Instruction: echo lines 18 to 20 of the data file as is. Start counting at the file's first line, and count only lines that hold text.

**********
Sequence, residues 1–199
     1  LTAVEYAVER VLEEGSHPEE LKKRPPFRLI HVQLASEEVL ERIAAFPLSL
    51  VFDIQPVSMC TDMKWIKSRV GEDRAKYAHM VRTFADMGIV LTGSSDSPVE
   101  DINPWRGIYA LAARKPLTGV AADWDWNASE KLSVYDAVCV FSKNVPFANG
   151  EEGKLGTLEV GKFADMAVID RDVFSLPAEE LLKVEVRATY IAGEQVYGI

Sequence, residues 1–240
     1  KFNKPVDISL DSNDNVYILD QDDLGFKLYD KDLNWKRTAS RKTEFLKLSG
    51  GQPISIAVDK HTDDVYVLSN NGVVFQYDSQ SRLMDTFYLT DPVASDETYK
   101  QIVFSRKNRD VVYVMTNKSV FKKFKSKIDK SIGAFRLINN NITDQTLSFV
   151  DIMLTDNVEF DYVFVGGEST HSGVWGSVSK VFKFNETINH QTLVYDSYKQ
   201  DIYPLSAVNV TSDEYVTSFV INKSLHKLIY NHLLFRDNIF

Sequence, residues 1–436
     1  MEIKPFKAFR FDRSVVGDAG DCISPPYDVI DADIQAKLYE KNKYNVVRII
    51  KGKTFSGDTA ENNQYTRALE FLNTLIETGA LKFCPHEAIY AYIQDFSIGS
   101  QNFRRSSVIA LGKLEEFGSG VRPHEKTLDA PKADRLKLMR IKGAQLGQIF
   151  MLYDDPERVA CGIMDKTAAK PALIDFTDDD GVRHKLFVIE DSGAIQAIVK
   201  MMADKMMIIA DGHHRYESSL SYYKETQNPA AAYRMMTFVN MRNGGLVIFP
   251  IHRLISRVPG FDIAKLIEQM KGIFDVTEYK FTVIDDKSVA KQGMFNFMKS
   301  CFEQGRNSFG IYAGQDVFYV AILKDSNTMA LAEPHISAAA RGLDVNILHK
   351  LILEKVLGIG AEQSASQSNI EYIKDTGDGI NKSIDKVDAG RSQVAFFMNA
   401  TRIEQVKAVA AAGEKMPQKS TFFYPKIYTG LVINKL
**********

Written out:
   251  IHRLISRVPG FDIAKLIEQM KGIFDVTEYK FTVIDDKSVA KQGMFNFMKS
   301  CFEQGRNSFG IYAGQDVFYV AILKDSNTMA LAEPHISAAA RGLDVNILHK
   351  LILEKVLGIG AEQSASQSNI EYIKDTGDGI NKSIDKVDAG RSQVAFFMNA